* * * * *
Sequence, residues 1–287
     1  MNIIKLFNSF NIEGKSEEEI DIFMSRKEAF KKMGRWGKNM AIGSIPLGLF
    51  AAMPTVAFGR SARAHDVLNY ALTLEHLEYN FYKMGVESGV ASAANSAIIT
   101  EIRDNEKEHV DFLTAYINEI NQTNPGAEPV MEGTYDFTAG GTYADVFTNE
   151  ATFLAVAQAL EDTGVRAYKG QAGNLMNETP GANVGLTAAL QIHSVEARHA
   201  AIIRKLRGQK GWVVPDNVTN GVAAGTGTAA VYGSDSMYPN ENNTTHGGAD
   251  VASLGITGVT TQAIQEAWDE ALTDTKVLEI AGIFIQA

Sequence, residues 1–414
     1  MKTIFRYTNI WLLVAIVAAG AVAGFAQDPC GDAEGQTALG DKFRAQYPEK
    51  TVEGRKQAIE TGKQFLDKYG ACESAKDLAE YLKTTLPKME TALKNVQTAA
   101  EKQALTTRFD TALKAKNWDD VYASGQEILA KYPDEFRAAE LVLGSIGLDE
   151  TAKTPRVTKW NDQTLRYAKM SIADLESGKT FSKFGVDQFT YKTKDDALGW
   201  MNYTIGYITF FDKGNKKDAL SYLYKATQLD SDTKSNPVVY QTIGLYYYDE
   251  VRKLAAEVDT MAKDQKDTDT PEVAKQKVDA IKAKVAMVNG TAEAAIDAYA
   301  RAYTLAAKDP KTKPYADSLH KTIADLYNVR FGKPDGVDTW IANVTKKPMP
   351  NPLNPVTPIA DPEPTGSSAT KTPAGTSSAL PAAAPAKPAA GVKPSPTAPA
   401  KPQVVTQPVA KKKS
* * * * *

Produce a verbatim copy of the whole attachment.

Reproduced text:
Sequence, residues 1–287
     1  MNIIKLFNSF NIEGKSEEEI DIFMSRKEAF KKMGRWGKNM AIGSIPLGLF
    51  AAMPTVAFGR SARAHDVLNY ALTLEHLEYN FYKMGVESGV ASAANSAIIT
   101  EIRDNEKEHV DFLTAYINEI NQTNPGAEPV MEGTYDFTAG GTYADVFTNE
   151  ATFLAVAQAL EDTGVRAYKG QAGNLMNETP GANVGLTAAL QIHSVEARHA
   201  AIIRKLRGQK GWVVPDNVTN GVAAGTGTAA VYGSDSMYPN ENNTTHGGAD
   251  VASLGITGVT TQAIQEAWDE ALTDTKVLEI AGIFIQA

Sequence, residues 1–414
     1  MKTIFRYTNI WLLVAIVAAG AVAGFAQDPC GDAEGQTALG DKFRAQYPEK
    51  TVEGRKQAIE TGKQFLDKYG ACESAKDLAE YLKTTLPKME TALKNVQTAA
   101  EKQALTTRFD TALKAKNWDD VYASGQEILA KYPDEFRAAE LVLGSIGLDE
   151  TAKTPRVTKW NDQTLRYAKM SIADLESGKT FSKFGVDQFT YKTKDDALGW
   201  MNYTIGYITF FDKGNKKDAL SYLYKATQLD SDTKSNPVVY QTIGLYYYDE
   251  VRKLAAEVDT MAKDQKDTDT PEVAKQKVDA IKAKVAMVNG TAEAAIDAYA
   301  RAYTLAAKDP KTKPYADSLH KTIADLYNVR FGKPDGVDTW IANVTKKPMP
   351  NPLNPVTPIA DPEPTGSSAT KTPAGTSSAL PAAAPAKPAA GVKPSPTAPA
   401  KPQVVTQPVA KKKS